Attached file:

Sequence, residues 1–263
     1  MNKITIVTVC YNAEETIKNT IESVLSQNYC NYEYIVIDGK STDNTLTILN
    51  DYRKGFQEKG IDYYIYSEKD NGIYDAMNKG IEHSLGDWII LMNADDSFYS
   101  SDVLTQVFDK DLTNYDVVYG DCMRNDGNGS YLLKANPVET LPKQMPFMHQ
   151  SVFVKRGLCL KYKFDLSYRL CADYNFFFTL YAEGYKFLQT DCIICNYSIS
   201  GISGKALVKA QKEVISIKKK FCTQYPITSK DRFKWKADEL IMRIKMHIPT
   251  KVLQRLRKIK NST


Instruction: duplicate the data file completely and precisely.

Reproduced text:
Sequence, residues 1–263
     1  MNKITIVTVC YNAEETIKNT IESVLSQNYC NYEYIVIDGK STDNTLTILN
    51  DYRKGFQEKG IDYYIYSEKD NGIYDAMNKG IEHSLGDWII LMNADDSFYS
   101  SDVLTQVFDK DLTNYDVVYG DCMRNDGNGS YLLKANPVET LPKQMPFMHQ
   151  SVFVKRGLCL KYKFDLSYRL CADYNFFFTL YAEGYKFLQT DCIICNYSIS
   201  GISGKALVKA QKEVISIKKK FCTQYPITSK DRFKWKADEL IMRIKMHIPT
   251  KVLQRLRKIK NST